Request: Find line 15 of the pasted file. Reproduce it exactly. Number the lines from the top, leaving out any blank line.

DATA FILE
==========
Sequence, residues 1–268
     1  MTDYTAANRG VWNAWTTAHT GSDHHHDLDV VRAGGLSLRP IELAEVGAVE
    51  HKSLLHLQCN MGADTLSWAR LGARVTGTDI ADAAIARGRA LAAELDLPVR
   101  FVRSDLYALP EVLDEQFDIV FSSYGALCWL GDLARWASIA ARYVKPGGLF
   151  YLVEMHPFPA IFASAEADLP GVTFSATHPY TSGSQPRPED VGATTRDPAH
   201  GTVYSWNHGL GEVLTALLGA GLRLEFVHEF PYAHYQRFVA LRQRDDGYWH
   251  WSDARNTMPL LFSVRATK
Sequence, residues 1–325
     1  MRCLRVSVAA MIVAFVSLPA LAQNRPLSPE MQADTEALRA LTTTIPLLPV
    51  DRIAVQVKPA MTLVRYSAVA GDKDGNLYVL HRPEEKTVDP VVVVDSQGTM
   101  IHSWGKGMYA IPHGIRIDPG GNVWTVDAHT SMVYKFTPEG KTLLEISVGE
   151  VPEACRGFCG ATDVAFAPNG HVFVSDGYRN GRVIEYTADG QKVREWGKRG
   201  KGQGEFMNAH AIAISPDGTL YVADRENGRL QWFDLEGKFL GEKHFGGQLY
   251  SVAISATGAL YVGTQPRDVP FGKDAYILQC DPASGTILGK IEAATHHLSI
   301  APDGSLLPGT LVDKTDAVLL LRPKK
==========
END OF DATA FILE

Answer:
   301  APDGSLLPGT LVDKTDAVLL LRPKK